Tully, RP, Kitchen, G, Tufchi, A, Saha, B and Baker, RD 2014, 'Patient attitudes to intensive care and life-sustaining technology' , Journal of the Intensive Care Society, 15 (4) , pp. 331-335.
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We used a validated questionnaire to explore the views of patients regarding receiving intensive care and life-sustaining technology. Data was obtained from 38 patients. A score was obtained for ‘general attitude towards use of lifesustaining/prolonging technology’ that varied from 18.9 to 48.5 out of 52, the higher score reflecting a more positive attitude. There was no significant difference between men and women or correlation with age or ASA score. A score for ‘personal desire for life support’ was also obtained, ranging from zero to a maximum possible score of eight, which reflected the most positive view. The median score was 0.5. Women had a significantly lower median score of zero vs 1.5 for men (p=0.022). There was no significant correlation with age or ASA score. There was considerable heterogeneity of views regarding the use of life-sustaining technology. In this study, women were less likely to want intensive medical treatment than men.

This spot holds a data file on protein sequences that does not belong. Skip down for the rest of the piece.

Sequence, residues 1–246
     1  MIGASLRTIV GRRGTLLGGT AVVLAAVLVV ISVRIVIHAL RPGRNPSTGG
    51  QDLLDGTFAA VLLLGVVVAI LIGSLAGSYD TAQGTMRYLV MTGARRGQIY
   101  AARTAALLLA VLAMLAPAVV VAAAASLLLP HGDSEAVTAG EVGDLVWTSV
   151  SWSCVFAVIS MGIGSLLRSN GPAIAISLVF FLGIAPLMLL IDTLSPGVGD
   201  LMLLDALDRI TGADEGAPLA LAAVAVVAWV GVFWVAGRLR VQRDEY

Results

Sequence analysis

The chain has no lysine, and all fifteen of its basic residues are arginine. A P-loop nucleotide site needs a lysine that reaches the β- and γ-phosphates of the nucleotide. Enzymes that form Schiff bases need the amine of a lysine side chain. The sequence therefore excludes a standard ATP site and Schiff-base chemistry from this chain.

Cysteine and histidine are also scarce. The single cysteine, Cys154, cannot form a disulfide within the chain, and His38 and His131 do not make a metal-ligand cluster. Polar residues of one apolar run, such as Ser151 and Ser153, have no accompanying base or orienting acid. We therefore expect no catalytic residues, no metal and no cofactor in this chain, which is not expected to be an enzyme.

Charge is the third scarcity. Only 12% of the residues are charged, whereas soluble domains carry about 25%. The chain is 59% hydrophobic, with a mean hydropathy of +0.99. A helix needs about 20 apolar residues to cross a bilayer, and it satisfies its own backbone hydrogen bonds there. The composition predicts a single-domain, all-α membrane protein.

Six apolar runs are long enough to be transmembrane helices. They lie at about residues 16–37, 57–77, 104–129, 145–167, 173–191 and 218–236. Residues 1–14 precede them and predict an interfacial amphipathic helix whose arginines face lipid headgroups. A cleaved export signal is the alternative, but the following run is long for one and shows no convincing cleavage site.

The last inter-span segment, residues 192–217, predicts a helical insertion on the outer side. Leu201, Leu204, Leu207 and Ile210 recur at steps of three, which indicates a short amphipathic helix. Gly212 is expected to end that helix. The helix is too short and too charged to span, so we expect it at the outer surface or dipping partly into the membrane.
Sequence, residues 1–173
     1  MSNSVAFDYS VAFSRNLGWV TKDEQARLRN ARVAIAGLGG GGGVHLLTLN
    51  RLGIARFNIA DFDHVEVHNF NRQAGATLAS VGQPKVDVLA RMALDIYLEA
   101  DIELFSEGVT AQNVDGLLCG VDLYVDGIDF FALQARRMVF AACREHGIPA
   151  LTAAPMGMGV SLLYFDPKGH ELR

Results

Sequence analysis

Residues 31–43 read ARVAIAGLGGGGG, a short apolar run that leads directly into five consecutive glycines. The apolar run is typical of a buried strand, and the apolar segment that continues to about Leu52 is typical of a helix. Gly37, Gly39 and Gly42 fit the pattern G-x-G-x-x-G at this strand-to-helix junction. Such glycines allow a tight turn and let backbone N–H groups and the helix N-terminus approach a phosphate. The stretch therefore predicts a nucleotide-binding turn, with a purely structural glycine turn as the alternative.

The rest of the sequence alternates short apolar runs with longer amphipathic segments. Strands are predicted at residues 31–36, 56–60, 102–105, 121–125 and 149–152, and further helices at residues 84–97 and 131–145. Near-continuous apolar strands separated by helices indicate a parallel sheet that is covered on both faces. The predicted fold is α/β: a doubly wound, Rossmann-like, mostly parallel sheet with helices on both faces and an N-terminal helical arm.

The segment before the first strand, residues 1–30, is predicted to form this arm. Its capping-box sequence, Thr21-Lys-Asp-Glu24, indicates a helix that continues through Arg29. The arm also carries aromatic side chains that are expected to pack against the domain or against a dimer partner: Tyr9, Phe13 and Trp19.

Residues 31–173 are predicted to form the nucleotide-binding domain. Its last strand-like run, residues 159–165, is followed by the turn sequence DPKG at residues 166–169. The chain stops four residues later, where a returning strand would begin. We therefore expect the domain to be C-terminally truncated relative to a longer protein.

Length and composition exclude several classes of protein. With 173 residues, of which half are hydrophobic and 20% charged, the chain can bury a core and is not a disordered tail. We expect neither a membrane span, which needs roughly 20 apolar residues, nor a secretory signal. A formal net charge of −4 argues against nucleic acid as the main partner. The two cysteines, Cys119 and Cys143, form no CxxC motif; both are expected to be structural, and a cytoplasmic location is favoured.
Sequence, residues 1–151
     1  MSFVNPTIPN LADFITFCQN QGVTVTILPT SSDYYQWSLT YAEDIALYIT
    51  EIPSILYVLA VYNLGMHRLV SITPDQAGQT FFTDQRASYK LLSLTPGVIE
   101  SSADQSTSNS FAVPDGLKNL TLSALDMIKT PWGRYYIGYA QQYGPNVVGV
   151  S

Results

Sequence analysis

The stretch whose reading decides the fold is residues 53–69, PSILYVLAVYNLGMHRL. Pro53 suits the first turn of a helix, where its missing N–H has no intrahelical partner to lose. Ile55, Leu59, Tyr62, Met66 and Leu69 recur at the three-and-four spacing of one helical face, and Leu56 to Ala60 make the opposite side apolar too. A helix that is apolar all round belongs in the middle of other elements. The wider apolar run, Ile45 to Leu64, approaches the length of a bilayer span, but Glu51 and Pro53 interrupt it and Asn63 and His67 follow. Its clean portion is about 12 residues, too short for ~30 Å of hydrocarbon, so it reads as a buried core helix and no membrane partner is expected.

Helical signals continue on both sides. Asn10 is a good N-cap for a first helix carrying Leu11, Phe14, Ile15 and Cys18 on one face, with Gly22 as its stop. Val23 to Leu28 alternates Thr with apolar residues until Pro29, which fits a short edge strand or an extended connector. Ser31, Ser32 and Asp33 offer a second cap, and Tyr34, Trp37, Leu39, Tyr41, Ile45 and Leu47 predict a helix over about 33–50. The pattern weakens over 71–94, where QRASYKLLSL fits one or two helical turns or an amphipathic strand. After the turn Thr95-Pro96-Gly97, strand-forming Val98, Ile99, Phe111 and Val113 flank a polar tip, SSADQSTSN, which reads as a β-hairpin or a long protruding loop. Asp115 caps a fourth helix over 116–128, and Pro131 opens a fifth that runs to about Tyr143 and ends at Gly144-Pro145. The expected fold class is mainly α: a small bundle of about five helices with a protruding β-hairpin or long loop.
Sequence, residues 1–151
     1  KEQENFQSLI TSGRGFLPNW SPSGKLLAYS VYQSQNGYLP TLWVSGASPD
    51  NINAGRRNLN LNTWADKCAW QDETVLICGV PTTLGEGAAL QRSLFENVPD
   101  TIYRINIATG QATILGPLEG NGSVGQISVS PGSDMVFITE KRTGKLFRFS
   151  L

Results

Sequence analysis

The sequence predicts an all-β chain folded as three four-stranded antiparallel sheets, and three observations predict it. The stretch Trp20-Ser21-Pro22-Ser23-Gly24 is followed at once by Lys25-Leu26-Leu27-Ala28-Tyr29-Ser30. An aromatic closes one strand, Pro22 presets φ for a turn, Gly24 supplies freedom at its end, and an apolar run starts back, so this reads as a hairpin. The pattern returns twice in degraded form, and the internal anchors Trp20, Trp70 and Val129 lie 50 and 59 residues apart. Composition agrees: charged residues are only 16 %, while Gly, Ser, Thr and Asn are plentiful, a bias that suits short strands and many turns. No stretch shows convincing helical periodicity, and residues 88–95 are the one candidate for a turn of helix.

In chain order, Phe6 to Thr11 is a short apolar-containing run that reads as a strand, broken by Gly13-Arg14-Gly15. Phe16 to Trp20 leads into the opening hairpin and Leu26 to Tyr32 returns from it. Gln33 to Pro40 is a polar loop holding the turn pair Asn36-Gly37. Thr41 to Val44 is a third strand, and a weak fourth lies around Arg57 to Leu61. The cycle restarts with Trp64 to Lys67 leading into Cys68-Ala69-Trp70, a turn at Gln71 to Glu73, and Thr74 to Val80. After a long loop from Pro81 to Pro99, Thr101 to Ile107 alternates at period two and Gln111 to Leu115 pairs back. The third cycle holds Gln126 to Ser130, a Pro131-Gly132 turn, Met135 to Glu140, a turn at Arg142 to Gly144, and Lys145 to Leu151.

|Themes:||Health and Wellbeing|
|Schools:||Schools > Salford Business School > Business and Management Research Centre|
|Journal or Publication Title:||Journal of the Intensive Care Society|
|Publisher:||The Intensive Care Society|
|Funders:||Pennine Acute Hospitals NHS Trust Research and Development Department|
|Depositing User:||Prof Rose Dawn Baker|
|Date Deposited:||29 Jun 2015 11:33|
|Last Modified:||29 Oct 2015 00:46|
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